There are actually more than 80 names for the biggest of the small cats. No doubt, due in many ways to their adaptable nature. These kitties are the model of success, with evolution endowing them with the tools to thrive from the Yukon to Patagonia.
A cougar will typically kill a deer/moose/whatever other large critter about 2 times a month. If the cat is living on smaller prey, obviously, it will be hunting more often. These cats aren’t terribly picky eaters, which is not a bad thing in survival terms.
As carnivores go, felids in general have a relatively small number of teeth. If you’ve ever watched your housecat eat, it can’t really chew that well. Their teeth are better suited to tearing and cutting.
Chances are, if you are in one of the Americas, that you’ve been close to a Mountain Lion, and you just didn’t know it. They are solitary ninja-jedi-007-masters who happen to operate most efficiently at dawn and dusk. Crepuscular is the 5-dollar word for that sort of behavior.
Mountain lions don’t actually roar, but they are otherwise rather vocal cats when they want to be. They are known to whistle, scream, purr, yowl, and squeak. Females are actually pretty well known for this “Song of love.” https://youtu.be/pxo8X5uIWRE
Citations sound better when you read them in your best LeVar Burton voice. “But you don’t have to take my word for it.”
Special thanks to the SHSND A&HP.
Bradford, Alina Bradford. 'Pumas, Panthers & Cougars: Facts About America's Big Cats'. LiveScience.com. N.p., 2015. Web. 29 Oct. 2015.
STATUS OF MOUNTAIN LION MANAGEMENT IN NORTH DAKOTA, 2014. North Dakota Game and Fish Department, 2014. Web. 29 Oct. 2015.
Parliamentary of Owls. Mountain Lion Screaming. 2015. https://youtu.be/pxo8X5uIWRE Web. 29 Oct. 2015.
Wozencraft, W.C. (2005). "Order Carnivora". In Wilson, D.E.; Reeder, D.M. Mammal Species of the World: A Taxonomic and Geographic Reference (3rd ed.). Johns Hopkins University Press. pp. 544–45. ISBN 978-0-8018-8221-0.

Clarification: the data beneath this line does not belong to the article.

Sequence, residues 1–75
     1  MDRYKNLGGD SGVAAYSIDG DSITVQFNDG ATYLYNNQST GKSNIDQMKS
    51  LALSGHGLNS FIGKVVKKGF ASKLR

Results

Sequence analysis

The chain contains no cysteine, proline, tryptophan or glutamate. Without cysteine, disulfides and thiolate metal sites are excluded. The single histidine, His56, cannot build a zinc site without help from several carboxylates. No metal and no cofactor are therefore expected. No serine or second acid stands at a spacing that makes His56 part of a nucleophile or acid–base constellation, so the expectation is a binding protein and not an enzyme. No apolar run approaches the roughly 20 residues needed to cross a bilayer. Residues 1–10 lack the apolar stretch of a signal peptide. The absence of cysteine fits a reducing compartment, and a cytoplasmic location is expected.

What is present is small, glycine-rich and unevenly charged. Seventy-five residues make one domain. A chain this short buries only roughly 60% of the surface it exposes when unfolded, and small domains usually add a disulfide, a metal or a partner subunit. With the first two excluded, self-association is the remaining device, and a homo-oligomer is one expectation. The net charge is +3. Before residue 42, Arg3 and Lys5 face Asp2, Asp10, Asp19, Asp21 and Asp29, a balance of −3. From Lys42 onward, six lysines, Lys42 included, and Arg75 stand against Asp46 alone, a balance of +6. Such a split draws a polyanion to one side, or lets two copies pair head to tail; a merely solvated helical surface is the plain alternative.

Despite my husband's objections, I am often found with the possession of skulls and other bones. It's all pretty self-explanatory, really.
Canis Latrans, if you want to get uppity about it, is one of my North American favorites. Adaptable. Problem solving. Top-down management style of the rodent population. What's not to like here? Coyotes will even hybridize with domestic dogs and occasionally with wolves. Although, if we're honest, when a wolf and a coyote meet, it usually doesn't end well for the coyote.
In evolutionary terms, the coyote is a survivor. His ancestors were bigger than we see him today. If you like the company of your barn cats, that's probably not such a bad thing.
Nobody thinks this is funny but me. I don't get paid to do stuff like this, but I totally should.
PS: Don't go randomly picking up road kill, people. For many reasons. It stinks, is probably shattered beyond repair, and could make you really, really sick. You don't need that in your life, right? Right. Besides, you can use any of these images anytime you want. If you need a large resolution file for printing, all you gotta do is ask. I'll hook you up.
Be safe out there. Cheers!